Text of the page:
BOSTON (State House News Service) – Gov. Charlie Baker may need a backup bill-signing pen for his final full day in office.

Over the course of 13 hour-sessions to close out the 2021-2022 lawmaking term, the House and Senate worked together to pile more than five dozen bills on Baker’s desk, including legislation clarifying foster parents’ rights and expanding MassHealth coverage for postpartum care.

Most of the bills that secured final enactment votes Tuesday or very early Wednesday were local in nature. Almost all of them have been pending for weeks, months or more than a year, but lawmakers left them right up until the very end.

The stretch of lawmaking right before the finish line is also littered with bills that got close, but not close enough, in one or both branches, including a measure to crack down on dissemination of sexually explicit material without a subject’s consent, often referred to as “revenge porn.”

Nearly every other state besides Massachusetts has a clear ban on revenge porn in place, and strengthening prosecution of that offense for years has been a priority for Baker and Lt. Gov. Karyn Polito. The House unanimously approved a bill (H 4498) in May and the Senate surfaced and advanced its own version (S 3167) on Thursday, giving supporters hope that the measure would finally succeed, but the House never took action on the changes the Senate made before the term drew to a close around 12:30 a.m. Wednesday.

Like they will need to do for all other bills fell short of earning Baker’s signature, legislators who want to rein in revenge porn in Massachusetts will need to reboot the lawmaking process from the first step in the 2023-2024 term.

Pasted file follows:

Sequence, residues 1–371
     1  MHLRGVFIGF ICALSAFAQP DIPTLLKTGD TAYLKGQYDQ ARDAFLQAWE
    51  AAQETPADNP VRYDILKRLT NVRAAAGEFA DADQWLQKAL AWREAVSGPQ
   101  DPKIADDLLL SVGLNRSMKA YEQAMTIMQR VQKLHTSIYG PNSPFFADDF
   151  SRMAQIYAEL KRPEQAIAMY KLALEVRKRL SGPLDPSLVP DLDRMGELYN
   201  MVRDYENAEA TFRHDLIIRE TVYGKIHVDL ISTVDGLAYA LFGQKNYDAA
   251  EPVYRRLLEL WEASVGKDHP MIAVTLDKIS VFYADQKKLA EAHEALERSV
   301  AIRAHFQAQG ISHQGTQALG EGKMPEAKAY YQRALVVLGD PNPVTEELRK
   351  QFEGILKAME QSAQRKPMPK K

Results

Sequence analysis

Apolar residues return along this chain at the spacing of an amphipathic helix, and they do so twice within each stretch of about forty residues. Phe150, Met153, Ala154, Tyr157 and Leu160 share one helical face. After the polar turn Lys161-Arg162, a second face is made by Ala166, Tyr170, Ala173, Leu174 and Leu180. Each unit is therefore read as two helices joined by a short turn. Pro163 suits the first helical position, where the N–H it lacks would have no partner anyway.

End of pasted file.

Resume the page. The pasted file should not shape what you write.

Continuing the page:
Other bills that appeared to be in the mix Tuesday but ultimately faltered include a measure seeking to require the state’s chief medical examiner to provide additional review in cases involving the deaths of children younger than 2 years old (H 5422) and an effort to expand access to naloxone (S 3182).

The House approved the medical review bill in December after unsuccessfully attempting to attach similar language to the state budget, and the Senate approved the bill Tuesday evening, but the branches did not take the final votes needed to get it to Baker’s desk.

Supporters of the reform argue those cases are sensitive enough to warrant the additional review and expertise the chief medical examiner would bring, pointing to charged cases such as the 2013 death of Rehma Sabir where an examiner changed their autopsy results after initial publication.

Meanwhile, the Senate on Tuesday evening also approved a bill requiring doctors to prescribe the opioid overdose antagonist naloxone alongside opioids.